Drip irrigation systems apply water frequently and efficiently to the plant's root system. And, they can save up to 60 percent on water over a conventional sprinkler system. This segment gives some tips on how to improve water use in your landscape.

Produced by the Department of Communications at Kansas State University. For more information, visit our website at: http://www.kansasgreenyards.org

Drip Irrigation for Flowerbeds

One of the great things that have come about in recent years is the drip irrigation systems that many of us use in our gardens. Here we have a half-inch drip line that we have laid throughout the garden. We have it attached to a time clock so that we have periodic watering that happens automatically. Or, we can manually control the amount of water.

Some of these will give a flow rate of one-half gallon, one gallon, or two gallons a minute. Overwatering in southwest Kansas can be a serious problem at times. People don’t realize that their emitters may be putting down a gallon or two gallons per hour. If they leave their emitter on, or perhaps forget that the water is still running, they can have a lot of saturated soil in the root zone of those plants.

Small plants or newly planted plants require less water due to the small amount of root system that they have. As they grow, you may want to increase the amount of water that’s applied. There are also different types of risers - the little tubes that stick up out of the ground. They come in various heights. There are also directional emitters and broadcast emitters that will spray over an area.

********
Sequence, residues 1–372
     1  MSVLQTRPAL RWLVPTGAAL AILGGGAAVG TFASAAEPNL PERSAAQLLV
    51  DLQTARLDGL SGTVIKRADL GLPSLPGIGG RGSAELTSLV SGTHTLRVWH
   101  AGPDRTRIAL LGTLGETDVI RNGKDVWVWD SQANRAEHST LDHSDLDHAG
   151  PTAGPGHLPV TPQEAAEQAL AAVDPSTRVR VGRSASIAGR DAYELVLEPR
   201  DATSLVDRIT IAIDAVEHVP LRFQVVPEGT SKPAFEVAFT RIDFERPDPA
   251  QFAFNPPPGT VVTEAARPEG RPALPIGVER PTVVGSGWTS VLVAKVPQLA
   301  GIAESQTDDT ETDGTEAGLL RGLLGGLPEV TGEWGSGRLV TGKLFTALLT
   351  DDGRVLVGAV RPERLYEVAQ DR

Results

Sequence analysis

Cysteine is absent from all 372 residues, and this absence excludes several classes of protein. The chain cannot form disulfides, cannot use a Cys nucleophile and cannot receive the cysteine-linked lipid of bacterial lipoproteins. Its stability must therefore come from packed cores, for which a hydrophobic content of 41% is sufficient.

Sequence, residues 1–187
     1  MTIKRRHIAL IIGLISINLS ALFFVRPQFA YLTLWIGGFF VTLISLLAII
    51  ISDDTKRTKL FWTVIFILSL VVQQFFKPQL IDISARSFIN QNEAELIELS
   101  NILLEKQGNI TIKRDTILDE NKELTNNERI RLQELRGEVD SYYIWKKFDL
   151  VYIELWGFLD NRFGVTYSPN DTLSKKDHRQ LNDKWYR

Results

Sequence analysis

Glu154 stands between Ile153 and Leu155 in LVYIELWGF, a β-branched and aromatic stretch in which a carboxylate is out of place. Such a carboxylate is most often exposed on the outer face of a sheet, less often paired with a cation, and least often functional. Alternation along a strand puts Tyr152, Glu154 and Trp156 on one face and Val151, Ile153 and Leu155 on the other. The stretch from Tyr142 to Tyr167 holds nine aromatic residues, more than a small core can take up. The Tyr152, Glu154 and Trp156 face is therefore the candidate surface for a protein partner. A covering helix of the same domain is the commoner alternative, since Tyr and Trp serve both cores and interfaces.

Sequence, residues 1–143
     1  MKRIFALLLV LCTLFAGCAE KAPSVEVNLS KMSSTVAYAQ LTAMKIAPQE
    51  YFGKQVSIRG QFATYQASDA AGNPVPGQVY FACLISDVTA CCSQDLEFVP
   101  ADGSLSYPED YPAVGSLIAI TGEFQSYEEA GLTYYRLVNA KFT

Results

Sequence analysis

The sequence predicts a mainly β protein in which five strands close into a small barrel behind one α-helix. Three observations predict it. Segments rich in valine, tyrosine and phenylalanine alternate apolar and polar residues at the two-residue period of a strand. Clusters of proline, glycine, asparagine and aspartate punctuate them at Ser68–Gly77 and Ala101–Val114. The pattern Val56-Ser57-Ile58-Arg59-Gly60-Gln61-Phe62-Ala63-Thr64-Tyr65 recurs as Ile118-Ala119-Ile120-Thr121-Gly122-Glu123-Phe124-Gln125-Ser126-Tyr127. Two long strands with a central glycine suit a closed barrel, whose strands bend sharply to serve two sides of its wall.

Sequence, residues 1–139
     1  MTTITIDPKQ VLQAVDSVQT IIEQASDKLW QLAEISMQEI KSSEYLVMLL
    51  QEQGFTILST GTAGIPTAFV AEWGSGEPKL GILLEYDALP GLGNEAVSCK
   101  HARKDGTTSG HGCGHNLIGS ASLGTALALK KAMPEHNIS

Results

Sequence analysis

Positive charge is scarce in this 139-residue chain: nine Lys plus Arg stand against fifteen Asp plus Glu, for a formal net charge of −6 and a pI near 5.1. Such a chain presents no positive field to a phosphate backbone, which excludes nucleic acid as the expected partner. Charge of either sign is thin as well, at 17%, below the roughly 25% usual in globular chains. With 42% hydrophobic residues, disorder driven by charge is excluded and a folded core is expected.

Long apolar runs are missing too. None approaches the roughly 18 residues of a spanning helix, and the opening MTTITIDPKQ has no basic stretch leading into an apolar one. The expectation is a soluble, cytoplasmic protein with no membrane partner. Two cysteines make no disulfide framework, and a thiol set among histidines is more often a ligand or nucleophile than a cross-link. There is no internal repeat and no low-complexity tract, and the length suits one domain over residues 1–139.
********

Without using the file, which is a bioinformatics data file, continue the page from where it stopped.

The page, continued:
If you’re using mulches, it retains that moisture around the root zone of those plants, and water application can be greatly reduced. To determine what the water needs of the plants are, checking for moisture using the finger method is a good idea. If you can bring up mud or moist soil, then there is no need to be running water on the plants.

Drip systems can be left in place year round. There is no need to lift them up. They’ll readily drain and generally won’t freeze up in the winter.

This feature story prepared with Dean Whitehill, former Kansas State University Research and Extension Agent, Finney County. For more information, visit your local county extension office or visit our website at KansasGreenYards.org.

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